3. Abuse & Molestation
This coverage provides protection in the event a client alleges any form of abuse, including sexual abuse. This coverage provides legal defense and payment of damages if awarded up to the policy limits.
For example, a bedridden patient is bruised and has welts and bedsores. The family says that the caregiver is physically abusing their loved one and is not properly caring for and cleaning them. They file a lawsuit against the business claiming bodily injury, negligence, and mental and emotional distress. This policy steps in to defend the business and will pay damages if awarded, up to the policy limits.
4. Hired & Non-Owned Auto
This coverage will protect the business if it is sued due to an employee’s or independent contractor’s involvement in an auto accident in their personal vehicle while on official business for the company.
This coverage steps in after all other valid and collectible insurance owned by the employee or independent contractor pays out. Typically, losses under this coverage occur when an employee or independent contractor is driving from one client’s home to another or is transporting a client to doctor’s appointments, to run errands, etc. These claims are due to a car accident resulting in bodily or property damage to a third party and/or the client. Without this coverage, the business owner would be required to pay all legal defense costs if sued and any damages awarded out of pocket.
Crime coverage protects a business’s assets and reputation if a client alleges that an employee or independent contractor stole or broke their personal property (employee dishonesty), committed forgery or alteration of financial instruments, computer fraud, robbery and more.
6. Employment Practices Liability
This coverage protects businesses in the event of claims and lawsuits filed by former, current and potential employees or independent contractors for employment-related issues such as discrimination, wage and labor disputes, harassment and more.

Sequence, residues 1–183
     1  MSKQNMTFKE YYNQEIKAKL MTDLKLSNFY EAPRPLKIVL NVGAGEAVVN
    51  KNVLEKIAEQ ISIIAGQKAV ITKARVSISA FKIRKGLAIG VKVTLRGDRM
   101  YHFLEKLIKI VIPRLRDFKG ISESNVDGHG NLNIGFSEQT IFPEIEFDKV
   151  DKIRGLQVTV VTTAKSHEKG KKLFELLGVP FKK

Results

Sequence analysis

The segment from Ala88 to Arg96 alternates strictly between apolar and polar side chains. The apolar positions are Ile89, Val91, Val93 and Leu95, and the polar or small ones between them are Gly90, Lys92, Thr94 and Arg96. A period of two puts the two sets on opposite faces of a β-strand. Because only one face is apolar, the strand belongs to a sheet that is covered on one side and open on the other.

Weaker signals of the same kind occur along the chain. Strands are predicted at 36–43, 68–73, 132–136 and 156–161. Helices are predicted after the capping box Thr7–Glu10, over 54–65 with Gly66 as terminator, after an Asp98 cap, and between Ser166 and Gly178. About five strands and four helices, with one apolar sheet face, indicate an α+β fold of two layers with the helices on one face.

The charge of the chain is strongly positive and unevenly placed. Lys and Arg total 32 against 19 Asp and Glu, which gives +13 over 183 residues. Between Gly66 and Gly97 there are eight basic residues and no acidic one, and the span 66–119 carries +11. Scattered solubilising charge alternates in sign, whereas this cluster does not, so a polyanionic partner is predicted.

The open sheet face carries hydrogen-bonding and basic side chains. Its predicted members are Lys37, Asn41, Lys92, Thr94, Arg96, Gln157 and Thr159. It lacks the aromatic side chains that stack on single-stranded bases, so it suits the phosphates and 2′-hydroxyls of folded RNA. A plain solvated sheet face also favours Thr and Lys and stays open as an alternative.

Depending on the policy form, this coverage can be extended to anyone who has the responsibility of hiring and firing—such as directors and officers—as well as the corporation.
Think about the #MeToo movement. If your business has employees or independent contractors, this coverage is highly recommended.
7. Workers’ Compensation & Employer’s Liability
This coverage provides protection for business owners in two ways: first, the employer’s statutory responsibilities under workers’ compensation laws and second, liability arising out of work-related injuries, accidents and disease to employees and/or independent contractors that do not fall under the first category.
This coverage provides limited compensation to the injured employee or independent contractor and covers the costs of medical expenses, including treatment, prescriptions, rehabilitation, etc. Workers’ compensation coverage is mandatory in every state but Texas. Thus, if an employee and/or independent contractor is injured on the job, but this coverage is not in place, the business owner could be held personally liable for damages.
People say that “knowledge is power” and “what you don’t know can’t hurt you;” I disagree. If you never apply the knowledge you have, there is no gain. And in the insurance arena, what you don’t know can cost you thousands of dollars, your livelihood and your business. The business owner who takes the time to understand insurance solutions and apply that information to protect their personal and business assets and reputation is the one with the power.